The young folk musician Jerron Paxton defies easy categorization. He grew up in a west coast metropolis, but his family and community adhered to customs from the rural south. And, like a number of people in Los Angeles with Louisiana roots, he inherited a combination of African-American, American Indian, and Jewish heritage. Paxton plays acoustic music that reflects these origins, with a focus on solo fiddle, guitar, and banjo. He also has a passion for telling his family’s story:
People don’t know who I am, so I usually tell the history of my people and where I come from. Specific history about my great-grandfather and great-grandmother on down to me. I almost feel like an ambassador of the culture. It gives me a tremendous amount of joy to know that the things and the people I grew up with -- I can pass on the lessons they taught me and the culture they’ve given me.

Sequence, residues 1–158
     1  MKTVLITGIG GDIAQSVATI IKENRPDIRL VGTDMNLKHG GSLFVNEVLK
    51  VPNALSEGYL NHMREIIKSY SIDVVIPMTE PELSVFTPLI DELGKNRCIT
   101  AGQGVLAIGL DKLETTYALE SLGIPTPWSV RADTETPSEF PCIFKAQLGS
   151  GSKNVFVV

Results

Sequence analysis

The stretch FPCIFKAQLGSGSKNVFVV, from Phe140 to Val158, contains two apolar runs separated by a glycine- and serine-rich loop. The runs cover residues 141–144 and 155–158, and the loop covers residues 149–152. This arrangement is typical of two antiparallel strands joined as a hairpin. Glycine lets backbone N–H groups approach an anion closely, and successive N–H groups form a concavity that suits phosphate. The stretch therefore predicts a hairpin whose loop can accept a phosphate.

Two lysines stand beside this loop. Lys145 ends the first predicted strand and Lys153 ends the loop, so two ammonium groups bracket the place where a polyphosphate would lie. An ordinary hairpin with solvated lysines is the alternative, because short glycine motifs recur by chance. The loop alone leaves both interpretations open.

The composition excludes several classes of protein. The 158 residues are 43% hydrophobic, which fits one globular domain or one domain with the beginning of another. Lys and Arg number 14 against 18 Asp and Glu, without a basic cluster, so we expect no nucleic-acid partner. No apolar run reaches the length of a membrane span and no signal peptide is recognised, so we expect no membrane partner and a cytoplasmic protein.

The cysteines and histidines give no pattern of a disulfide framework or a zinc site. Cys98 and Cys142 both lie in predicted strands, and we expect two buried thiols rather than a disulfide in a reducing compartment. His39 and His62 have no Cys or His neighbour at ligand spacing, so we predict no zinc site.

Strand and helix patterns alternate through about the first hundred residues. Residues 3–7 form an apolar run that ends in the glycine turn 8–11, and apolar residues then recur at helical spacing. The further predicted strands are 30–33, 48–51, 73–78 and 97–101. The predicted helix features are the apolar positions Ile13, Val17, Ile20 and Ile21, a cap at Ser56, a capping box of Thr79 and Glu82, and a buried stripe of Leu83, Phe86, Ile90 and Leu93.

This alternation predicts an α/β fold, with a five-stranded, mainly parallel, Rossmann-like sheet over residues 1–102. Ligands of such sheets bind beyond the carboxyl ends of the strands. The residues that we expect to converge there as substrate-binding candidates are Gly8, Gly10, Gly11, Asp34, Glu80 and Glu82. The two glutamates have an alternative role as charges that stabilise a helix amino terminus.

On episode 11 of American Songster Radio, host Dom Flemons speaks with Paxton about the formative experience of growing up in South-Central Los Angeles and the connections between Judaism and roots music as forms of cultural memory. Flemons also shares a recording of Jerron’s February 2017 live set at the Fletcher Opera Theater in Raleigh, North Carolina.